מר שר התורה הגר"ח קנייבסקי התבטא בצורה חריגה בשיחה עם בני ביתו ואמר כי "התפללתי הרבה שתהיה לממשלה מפלה, שמעתי שגם ר' אהרן לייב התפלל. התפללתי שהלפיד של השמיטה יגבור עליהם". 


Loose translation
"I prayed for the failure of the government in the merit of our keeping Shmita 
Rabbi Chaim Kanievsky, the great Torah leader, said,  "I prayed a lot for the government to fail. I heard that Rabbi Aharon Leib prayed. I prayed for the Shmita observances to overcome them."
To be perfectly, fair, I believe he prayed and I believe he thinks his prayers worked.

HT Rafi G.

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Those of you who say all I do is bash Israel will want to bookmark this


Here's another one of those things that completely undermines the idea that Israel is an apartheid state
The Israeli military announced Saturday that it had ordered criminal investigations of its own actions in eight additional incidents in the Gaza Strip during the war this summer, and provided unusually detailed justifications for seven other operations that had prompted complaints from human rights groups.
This doesn't mean that Israel is as perfect as those God-drunk hasbarah bloggers claim. It simply means that Israel's angriest opponents are wrong, too.

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Great moments in newspaper editing


Great photo placement decision here!


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Tuesday, December 02, 2014

Lapid fired. Bad news for haredi activists

I'm sure haredi neighborhoods will be celebrating Lapid's downfall well into the night, but what I want to know is this: which Haredi triumphalist will be first to take credit for his demise? How long before some rabbi announces it was his own personal prayers that finally provoked God to take action against the anti-Haredi leader?

I also would like to know what this means for fundraising. For over a year we hard working Americans have been urged to "send money now" to the poor, suffering avrechim who stood to lose everything because of Lapid. Well, now there is no Lapid. The poor, suffering avrechim should be ok now, right?  Or at least that's what people will think, meaning the haredi al sharptons who line their pockets with the proceeds of every crises will need to dream up a fresh pitch.

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Monday, December 01, 2014

My late remarks on pruzansky's latest indiscretion

Dear Friends

I apologize for not doing my part to trounce pruzansky for his latest indiscretion.

As you probably know by now,  he recently published an article that even he (eventually) found embarrassing and had to delete but not before the Arab Hasbaraniks on social media were using it to prove that all Jews everywhere are racist and murderous at heart.

Only Jews like that Pruzansky are racist and murderous in their hearts, I told them. For whatever good that did.

In brief, Pruz reacted to the horrible events in Har Nof by calling on Israel to expel all the Arabs.  You can review the smoking snippet here.

http://m.forward.com/articles/209763/new-jersey-rabbi-steven-pruzansky-spews-savage-hat/

Certainly Pruz was writing from the perspective of the pain all of us felt viewing those horrible photos of blood drenched talitot, but that's no excuse.  Not all of us who felt that pain allowed ourselves to devolve into barbarism. Those of us with character, and respect for human life did not react to the horror by advocating for Jews to commit a new horror of our own.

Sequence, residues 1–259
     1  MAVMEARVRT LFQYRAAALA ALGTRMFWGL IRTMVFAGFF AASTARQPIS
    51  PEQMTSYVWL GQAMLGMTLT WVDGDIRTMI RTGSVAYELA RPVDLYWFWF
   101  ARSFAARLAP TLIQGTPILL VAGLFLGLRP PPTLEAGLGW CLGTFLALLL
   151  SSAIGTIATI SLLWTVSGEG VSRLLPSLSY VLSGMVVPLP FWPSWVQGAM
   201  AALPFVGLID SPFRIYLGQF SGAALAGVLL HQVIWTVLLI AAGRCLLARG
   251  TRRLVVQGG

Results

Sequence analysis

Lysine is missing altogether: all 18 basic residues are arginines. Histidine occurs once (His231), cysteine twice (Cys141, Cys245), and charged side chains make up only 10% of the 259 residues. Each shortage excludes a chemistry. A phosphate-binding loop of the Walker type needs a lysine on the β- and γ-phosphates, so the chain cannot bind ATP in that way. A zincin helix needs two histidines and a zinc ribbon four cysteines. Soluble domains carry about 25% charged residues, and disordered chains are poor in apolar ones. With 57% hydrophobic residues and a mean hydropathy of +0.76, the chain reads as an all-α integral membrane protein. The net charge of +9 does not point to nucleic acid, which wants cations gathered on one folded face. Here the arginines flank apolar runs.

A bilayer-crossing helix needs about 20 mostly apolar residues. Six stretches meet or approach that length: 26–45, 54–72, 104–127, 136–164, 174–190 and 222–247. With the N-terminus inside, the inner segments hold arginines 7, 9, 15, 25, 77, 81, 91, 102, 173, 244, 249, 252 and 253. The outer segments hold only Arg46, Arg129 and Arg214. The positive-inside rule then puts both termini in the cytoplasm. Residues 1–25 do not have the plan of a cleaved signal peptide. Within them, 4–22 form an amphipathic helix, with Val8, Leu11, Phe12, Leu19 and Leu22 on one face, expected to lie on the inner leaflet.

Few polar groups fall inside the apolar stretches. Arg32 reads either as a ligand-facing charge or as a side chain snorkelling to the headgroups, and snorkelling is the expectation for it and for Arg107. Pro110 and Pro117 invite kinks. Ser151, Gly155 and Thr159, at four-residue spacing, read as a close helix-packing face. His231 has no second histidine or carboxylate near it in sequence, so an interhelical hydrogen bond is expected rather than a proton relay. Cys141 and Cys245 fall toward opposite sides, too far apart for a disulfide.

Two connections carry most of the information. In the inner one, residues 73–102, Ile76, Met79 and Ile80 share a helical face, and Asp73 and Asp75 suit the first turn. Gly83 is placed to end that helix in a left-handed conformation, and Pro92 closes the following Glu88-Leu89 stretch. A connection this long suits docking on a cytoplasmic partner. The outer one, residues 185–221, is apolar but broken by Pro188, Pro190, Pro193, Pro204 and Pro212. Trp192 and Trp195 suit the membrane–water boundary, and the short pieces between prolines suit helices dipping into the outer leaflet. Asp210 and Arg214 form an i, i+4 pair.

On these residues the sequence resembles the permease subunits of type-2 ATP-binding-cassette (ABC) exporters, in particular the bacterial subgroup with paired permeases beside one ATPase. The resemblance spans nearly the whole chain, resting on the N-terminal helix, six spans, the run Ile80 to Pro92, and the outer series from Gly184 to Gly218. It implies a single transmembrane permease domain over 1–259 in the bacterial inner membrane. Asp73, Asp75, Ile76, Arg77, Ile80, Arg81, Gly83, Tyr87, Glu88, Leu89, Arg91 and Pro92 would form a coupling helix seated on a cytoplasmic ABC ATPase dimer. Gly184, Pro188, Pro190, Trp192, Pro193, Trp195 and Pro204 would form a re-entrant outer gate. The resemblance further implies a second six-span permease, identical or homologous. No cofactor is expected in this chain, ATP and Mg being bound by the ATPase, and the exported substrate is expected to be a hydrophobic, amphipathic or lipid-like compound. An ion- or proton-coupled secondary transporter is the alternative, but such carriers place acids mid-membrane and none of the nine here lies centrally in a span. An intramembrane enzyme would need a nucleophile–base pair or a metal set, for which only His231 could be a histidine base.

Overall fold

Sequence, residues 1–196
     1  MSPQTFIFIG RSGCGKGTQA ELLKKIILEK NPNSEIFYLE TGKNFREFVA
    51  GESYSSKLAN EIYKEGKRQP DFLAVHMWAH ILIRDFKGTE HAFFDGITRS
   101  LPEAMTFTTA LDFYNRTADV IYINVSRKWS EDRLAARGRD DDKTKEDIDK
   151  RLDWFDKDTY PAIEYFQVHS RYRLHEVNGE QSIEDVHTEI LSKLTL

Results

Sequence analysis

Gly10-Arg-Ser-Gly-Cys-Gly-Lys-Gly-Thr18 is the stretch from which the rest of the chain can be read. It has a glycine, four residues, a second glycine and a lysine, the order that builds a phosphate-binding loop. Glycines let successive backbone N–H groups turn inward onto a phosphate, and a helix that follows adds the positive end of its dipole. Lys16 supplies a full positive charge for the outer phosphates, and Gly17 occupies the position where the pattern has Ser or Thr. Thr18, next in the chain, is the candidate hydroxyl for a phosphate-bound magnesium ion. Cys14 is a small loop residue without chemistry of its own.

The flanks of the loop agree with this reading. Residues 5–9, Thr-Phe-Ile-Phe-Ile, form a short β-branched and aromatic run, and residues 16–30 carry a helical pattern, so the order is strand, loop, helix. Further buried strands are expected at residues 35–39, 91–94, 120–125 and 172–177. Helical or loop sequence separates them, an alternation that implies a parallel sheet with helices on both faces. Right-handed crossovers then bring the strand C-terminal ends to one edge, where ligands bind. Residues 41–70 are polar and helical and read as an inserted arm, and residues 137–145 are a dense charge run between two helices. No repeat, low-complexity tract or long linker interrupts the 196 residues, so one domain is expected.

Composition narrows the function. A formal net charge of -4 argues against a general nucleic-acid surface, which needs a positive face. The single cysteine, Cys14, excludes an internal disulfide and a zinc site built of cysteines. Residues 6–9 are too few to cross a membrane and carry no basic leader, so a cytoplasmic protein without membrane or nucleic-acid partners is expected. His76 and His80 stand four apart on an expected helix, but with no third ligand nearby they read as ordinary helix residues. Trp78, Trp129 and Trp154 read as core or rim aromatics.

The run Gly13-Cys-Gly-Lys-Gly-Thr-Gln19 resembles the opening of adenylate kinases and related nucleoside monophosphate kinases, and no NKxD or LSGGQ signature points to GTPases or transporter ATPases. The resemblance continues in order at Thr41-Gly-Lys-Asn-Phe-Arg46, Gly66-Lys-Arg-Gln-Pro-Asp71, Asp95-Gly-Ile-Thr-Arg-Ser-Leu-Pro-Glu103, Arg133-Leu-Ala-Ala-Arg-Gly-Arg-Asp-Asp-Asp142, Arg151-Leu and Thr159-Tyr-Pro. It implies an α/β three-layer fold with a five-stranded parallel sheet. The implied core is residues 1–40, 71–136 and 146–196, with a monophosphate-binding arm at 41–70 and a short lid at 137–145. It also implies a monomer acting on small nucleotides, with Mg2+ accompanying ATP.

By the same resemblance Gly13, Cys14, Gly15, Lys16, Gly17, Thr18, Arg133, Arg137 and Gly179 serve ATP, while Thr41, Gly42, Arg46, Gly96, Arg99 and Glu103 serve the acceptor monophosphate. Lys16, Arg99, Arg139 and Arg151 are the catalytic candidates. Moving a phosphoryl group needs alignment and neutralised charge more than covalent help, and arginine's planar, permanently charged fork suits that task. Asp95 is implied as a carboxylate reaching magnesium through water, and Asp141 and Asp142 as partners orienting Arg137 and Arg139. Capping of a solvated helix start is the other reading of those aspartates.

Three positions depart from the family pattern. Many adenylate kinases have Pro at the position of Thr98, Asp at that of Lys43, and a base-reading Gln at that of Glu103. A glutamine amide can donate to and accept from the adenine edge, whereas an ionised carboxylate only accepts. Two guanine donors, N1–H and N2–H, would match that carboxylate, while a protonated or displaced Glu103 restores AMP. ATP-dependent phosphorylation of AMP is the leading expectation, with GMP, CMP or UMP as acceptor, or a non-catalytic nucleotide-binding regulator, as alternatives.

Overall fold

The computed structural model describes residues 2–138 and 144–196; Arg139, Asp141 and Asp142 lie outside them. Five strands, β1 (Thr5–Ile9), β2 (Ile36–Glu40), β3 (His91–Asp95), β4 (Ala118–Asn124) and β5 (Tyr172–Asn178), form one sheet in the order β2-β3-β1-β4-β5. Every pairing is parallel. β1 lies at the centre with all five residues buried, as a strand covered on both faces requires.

Pruzansky isn't a terrorist.  He'd never pick up a weapon and actually follow through with any of his insane prescriptions. The same can be said for the overwhelming majority of Arabs.

We Jews like to pretend that we'd be murdered in an instant were we to enter an Arab town but it isn't true.  Most Arabs,  like most Jews,  aren't murderous at heart. Like most Jews,  most Arabs simply want to coexist, make a few dollars, raise their kids and stay out of trouble.

If this sounds like a wishful, liberal fantasy you can thank the Arab murderers and loudmouths. Though they make up perhaps 1 percent of the Arab population they are loud and vicious enough to make it seem like all Arabs are drooling madmen.

Pruzansky is loud and vicious, but not violent. I'd never equate words with actions. You can't kill someone with an insult. Pruzansky is just a preacher with an intemperate streak and that's no crime. But the damage his tirade did to our national reputation is real. Just as I want every Arab to know pruzansky does not speak for me, there are multitudes of Arabs who desperately want us to accept that the terrorists do not act for them.

Me and my little Thanksgiving


So do I have any Thanksgiving traditions? That's what "Jane" a reader from Teaneck wants to know. "You religiously provide us with rundowns for yom Kippur and pesach", she writes, "so what about Thanksgiving?" 

The true answer is it varies, which makes me accidentally in compliance with Rav Moshe who ruled that keeping Thanksgiving was OK for a religious Jew as long as you didn't make it into a binding annual obligation. 

Some years we celebrate with friends or family and a turkey. Other years we skip the feast and treat it like any other day. A few things happen every year:

My kids gripe about going to school

My wife points out that preparing a typical American Thanksgiving feast is about as difficult as making a shabbos dinner. She can't understand why people need reams of instruction and several days of advance preparation in order to put one main dish and a couple of sides on the table. "I could do it in three hours she says" 

I get into a fight with some yokel who thinks Thanksgiving has a religious component and is therefore off limits for Jews. 

In the years that we do make a dinner party the menu usually looks something like this 

Squash soup 
Turkey
Roasted sweet potatoes 
String beans with garlic
Apple crisp
Pumpkin pie

Though next year I think we'll try frog eye salad,  a concoction of pasta and cool whip that the New York Times says is a staple of the Mormon Thanksgiving. 




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Tuesday, November 25, 2014

A brief, and biased history of riots.